Mark Ellis. Can you tell us more about Frank Merlin, and the inspiration behind Let Sleeping Dogs Lie – your short story in the Action This Day WW2 short story collection?
Frank Merlin is a half-Spanish Scotland Yard detective working in WW2 London. His dark good looks have a hint of the Mediterranean about them. Otherwise, born and brought up a Cockney in the East End of London, his foreign side shows only occasionally in Spanish oaths when really angered. The inspiration for Let Sleeping Dogs Lie, my story in Action This Day and the very first Frank Merlin short story, came from seeing someone who was the spitting image of an old deceased friend on the Tube.
Why do you think WW2 still appeals so much to readers?
I think WW2 continues to appeal because it is such a powerful story of good against evil and is, just about, still within living memory.
Which historians and novelists who work in the period do you admire and read? Do you know any of your fellow authors featured in Action This Day?
There are so many brilliant historians and novelists who have written or are writing about this period. Confining myself only to those living or dead whom I have read quite recently I would single out Andrew Lownie, Philip Ziegler, Andrew Roberts, John Lawton, Graham Greene and Juliet Gardiner. Of my fellow authors in Action This Day, I have read and thoroughly enjoyed books by Alex Gerlis and Alan Bardos and look forward to reading books by the others.
How do you research your novels? Was writing a short story a welcome relief from writing a novel?
In my research I use whatever materials are available wherever they are. I used to spend much time in libraries and places like Kew Public Records Office. I still do but less so given the immense amount of information that can now be accessed on the internet. Also, after writing five books set in WW2, I have built up a reasonably large library of my own. Apart from standard histories of London at war by historians like Philip Ziegler, I like to draw on diaries kept during the war. These can either be by people directly involved in the war like Alan Brooke, or by well-connected social animals like Chips Channon and Harold Nicolson. Also very useful are contemporary novels written in the war years by authors like Evelyn Waugh, Graham Greene, Elizabeth Bowen, Henry Green and Muriel Spark. Lastly there are many wonderful films set in WW2. Allowances often have to be made for historical accuracy but they can still be very useful as to the tone of the times.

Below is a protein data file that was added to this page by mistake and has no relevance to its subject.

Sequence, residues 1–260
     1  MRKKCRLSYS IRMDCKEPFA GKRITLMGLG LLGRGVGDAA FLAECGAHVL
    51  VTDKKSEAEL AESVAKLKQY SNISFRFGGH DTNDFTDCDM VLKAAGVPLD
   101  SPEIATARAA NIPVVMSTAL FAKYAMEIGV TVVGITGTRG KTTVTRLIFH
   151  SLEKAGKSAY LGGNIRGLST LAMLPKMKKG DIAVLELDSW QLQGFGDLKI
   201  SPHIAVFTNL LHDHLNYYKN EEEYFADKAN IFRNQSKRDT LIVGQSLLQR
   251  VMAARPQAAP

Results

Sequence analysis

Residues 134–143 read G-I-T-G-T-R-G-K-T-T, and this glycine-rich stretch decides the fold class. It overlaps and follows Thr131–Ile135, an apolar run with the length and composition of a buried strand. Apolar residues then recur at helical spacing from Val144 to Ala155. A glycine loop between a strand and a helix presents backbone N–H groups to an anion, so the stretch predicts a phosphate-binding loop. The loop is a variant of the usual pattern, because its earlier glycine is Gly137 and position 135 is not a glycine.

Can you tell us a little more about what you are working on at the moment?
I am currently working on the 6th volume of the Frank Merlin wartime detective series. There is as yet no title. My Merlin stories usually take place at six to nine month intervals during the war. Dead In The Water, the latest published Merlin book, is set in August 1942. The new book is set in May 1943, just after the Allies finally defeated Rommel’s Afrika Korps and took control of North Africa. I am just about half way through my first draft. Needless to say Merlin has murders to investigate. There are two at the moment. Perhaps there’ll be more. Many people are unaware that there was a crime boom during the war with reported crime in England and Wales rising by approximately sixty per cent between 1939 and 1945. Accordingly Merlin always has his hands full!
Mark Ellis is a bestselling novelist and author of the Frank Merlin Detective series. Action This Day is out now.